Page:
Our inaugural intoxicant is a recipe I jotted down at least a couple years ago; I’m guessing it dates back to my days working at The Royale. I’ve always thought of it as tasting like the color brown, in a good way. I recently came up with the ground ginger part, which adds some nice dimension and, coupled with the apple, lets you believe at least a teeny bit that you’re doing something healthful for yourself. Perhaps this goes without saying, but it’s best to save the apple for the end so that a) it soaks up the potion's flavor, and b) you don’t look like a no-manners nincompoop picking your garnish straight out of your drink.

Please take a read and leave behind (in the comments below) your ideas for what to call it. Until this blog starts raking in five two figures, your reward will simply be your name in lights HTML -- and, natch, my undying admiration.

You Call It #1

2 ounces Bulleit

1 ounce Licor 43

½ ounce Patron XO Cafe

Round apple slice and ground ginger, to garnish

Fill a cocktail shaker with ice. Pour in all liquid ingredients. Cap, shake vigorously and pour into a cocktail glass. Garnish by cutting a round apple slice, sprinkling liberally with ground ginger and dropping into drink.

(P.S. My first go at making this for the photo shoot, my shaker exploded. Fridays are definitely rough around here.)

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The Autumn in New York (aka Harley's Harvest)

Contrary to 100% of this blog’s content heretofore, there are plenty of things I’m up for discussing besides weddings. For example, Calvados, which I was lucky enough to try for the first time on its home turf about 13 years ago at an inn in Normandy. I remember a dining room resplendent with golden amber tones, although that may have just been the view down my nose into the bottom of my snifter. In fact, considering I can’t remember much else about that night, let’s go with that.

So anyway, back to weddings. One of my most favorite things to do, as perhaps you’ve already gleaned, is write a cocktail recipe. I love it so much that I’ll even craft a cocktail I have little interest in drinking. Last fall, my friend Harley asked me to write an appletini recipe for her brother’s nuptials. (Google docs is suggesting I correct “appletini.” First choice: Appleton. I hear ya, Google docs.)

What the bride and groom wanted was an appletini bearing autumnal colors, rather than the Jolly Rancher/Marvin the Martian’s helmet tinge of Sour Apple Pucker Schnapps. Now, if it weren’t for this guy I went to high school with, I’d know even less than the next-to-nothing I do know about appletinis. And I don’t mean to come off as cocktail-snobby by saying that. Were I a few years younger and/or born a few years later, I could see how an appletini would’ve made it into my repertoire. Like back in the mid-late 90s, when I would rock a SoCo and 7 and pretend I was the Second Coming of Janis Joplin. I could see that girl fancying one.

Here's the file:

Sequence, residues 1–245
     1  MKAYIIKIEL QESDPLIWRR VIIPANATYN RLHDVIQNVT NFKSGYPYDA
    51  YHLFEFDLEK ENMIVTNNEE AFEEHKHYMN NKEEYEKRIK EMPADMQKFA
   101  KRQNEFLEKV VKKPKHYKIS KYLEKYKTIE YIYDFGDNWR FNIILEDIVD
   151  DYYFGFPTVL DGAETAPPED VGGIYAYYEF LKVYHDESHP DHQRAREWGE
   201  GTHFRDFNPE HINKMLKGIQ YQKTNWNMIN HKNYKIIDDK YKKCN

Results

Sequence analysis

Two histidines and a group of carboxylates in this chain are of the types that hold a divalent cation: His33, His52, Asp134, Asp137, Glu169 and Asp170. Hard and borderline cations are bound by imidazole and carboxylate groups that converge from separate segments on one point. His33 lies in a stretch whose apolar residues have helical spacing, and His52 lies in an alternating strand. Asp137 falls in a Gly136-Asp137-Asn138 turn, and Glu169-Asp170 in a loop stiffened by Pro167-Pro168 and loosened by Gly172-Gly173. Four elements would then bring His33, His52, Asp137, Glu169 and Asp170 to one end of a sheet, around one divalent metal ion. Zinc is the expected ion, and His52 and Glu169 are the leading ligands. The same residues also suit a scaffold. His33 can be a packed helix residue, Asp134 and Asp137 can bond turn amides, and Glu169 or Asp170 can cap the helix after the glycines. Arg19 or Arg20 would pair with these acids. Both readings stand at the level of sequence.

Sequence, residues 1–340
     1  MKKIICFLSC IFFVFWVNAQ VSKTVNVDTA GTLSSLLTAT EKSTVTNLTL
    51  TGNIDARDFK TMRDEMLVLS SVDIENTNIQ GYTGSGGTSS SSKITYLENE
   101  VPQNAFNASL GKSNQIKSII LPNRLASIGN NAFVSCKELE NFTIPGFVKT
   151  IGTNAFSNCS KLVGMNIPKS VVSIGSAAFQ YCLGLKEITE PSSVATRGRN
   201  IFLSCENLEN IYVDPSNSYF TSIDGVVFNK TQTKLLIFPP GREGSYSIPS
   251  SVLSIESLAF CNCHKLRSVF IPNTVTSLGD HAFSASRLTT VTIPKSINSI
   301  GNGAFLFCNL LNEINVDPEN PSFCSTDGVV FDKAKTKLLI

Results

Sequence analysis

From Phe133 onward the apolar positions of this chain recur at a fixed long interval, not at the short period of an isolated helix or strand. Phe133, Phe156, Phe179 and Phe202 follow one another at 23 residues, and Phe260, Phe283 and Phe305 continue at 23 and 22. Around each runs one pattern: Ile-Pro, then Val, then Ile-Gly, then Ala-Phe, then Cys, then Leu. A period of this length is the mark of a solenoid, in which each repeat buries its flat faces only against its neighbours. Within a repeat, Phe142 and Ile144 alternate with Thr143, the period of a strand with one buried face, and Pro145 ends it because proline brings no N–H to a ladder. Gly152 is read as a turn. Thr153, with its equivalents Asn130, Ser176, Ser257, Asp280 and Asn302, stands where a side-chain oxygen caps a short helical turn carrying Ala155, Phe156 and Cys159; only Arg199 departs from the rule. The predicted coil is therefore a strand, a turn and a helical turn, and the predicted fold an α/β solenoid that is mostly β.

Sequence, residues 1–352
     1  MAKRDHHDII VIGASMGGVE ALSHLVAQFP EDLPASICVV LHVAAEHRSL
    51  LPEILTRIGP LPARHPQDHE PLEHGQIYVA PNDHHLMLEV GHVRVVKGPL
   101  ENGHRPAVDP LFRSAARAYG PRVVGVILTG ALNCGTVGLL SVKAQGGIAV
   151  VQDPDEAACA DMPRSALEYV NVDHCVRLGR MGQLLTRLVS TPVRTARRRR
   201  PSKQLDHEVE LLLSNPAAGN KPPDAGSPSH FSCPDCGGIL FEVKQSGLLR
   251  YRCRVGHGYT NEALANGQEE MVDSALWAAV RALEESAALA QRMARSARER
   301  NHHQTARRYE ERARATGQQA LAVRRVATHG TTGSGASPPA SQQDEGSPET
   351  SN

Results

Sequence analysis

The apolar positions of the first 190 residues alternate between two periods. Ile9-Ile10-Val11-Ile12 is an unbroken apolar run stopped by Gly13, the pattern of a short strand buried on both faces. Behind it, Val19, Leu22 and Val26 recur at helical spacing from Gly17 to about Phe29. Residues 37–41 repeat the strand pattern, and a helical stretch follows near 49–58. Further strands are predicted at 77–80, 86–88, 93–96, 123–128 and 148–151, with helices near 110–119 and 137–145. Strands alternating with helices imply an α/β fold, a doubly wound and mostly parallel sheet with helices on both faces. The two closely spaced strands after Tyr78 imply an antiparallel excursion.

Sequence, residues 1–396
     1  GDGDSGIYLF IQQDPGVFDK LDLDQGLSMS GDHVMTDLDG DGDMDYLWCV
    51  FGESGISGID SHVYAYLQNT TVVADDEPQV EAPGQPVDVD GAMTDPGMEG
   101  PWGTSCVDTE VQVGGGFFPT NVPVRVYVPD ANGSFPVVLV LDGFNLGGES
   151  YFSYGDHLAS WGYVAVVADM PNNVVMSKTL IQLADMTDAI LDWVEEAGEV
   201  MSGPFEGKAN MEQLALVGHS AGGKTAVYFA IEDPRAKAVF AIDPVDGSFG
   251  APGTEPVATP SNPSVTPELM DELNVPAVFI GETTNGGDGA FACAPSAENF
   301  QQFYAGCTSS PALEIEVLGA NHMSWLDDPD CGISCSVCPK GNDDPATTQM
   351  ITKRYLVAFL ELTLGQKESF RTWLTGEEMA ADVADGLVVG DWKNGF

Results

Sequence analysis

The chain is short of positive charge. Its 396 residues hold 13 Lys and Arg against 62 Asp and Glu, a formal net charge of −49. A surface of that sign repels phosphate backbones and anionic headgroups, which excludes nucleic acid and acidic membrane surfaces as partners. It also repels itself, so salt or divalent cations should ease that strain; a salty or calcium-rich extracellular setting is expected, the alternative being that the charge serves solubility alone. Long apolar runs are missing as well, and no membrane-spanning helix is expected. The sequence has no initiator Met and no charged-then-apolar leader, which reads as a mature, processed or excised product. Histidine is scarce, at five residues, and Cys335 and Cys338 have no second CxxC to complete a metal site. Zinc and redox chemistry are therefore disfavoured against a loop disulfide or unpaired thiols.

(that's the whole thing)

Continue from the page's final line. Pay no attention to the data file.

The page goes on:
Burnishing the appletini, in color and content, couldn’t entail much more than just futzing with apple-flavored vodka and Mott's, right? Right -- so I wrote a recipe that was probably way too involved for the unsuspecting bartenders at Harley’s brother’s wedding. (Hired help aside, Harley claims the drink fared well with the crowd in attendance, as well as the color scheme of the reception.)

Fall came 'round again and I found myself craving a cocktail to embrace the season, a drink in which you smell the curbside piles of leaves and hear the crunch of woolen fibers as you gather your sweater closer to you. That's when I remembered my old acquaintance, Calvados, and reimagined my appletini recipe to suit its richer body and more fiery belly.

The Autumn in New York (aka Harley’s Harvest)

2 ounces Busnel Fine Calvados

2 ounces Martinelli’s Gold Medal Sparkling Cider

½ ounce Licor 43

½ ounce cranberry juice cocktail

A dash or two of Fee Brothers Rhubarb Bitters

Brown sugar and cinnamon, for the rim

To make the rim:

I make my own brown sugar by combining granulated sugar and molasses. Usually I start with ¼ cup of sugar and a tablespoon of molasses in a small mixing bowl, kneading it with a fork until it’s well distributed and adding more molasses until it’s at the depth of color I like.

Even though you’re starting with molasses, your brown sugar shouldn’t wind up sticky; keep kneading if it’s still got that tar-like tackiness to it. You don’t want big clumps of brown sugar mucking up the look of your cocktail.

Pour brown sugar onto a saucer, enough to cover the top of the dish, and sprinkle liberally with cinnamon. Rim a cocktail glass with a cut lemon, then dip the rim in your brown sugar-cinnamon mixture. Put aside while you make your cocktail.

To make the cocktail:

Pour all liquid ingredients into a shaker or mixing glass, along with a few ice cubes to chill to your taste. (I like this drink just south of room temperature.) Stir well with a cocktail spoon. Pour into rimmed cocktail glass.

Tasting Notes:

Once I find some/remember to pick some up, I’ll see how this recipe goes with Doc’s Draft Hard Cider (or another hard cider of your suggestion?) and post an update.

Suggestions of other kinds of Calvados to try? Please leave 'em in the comments.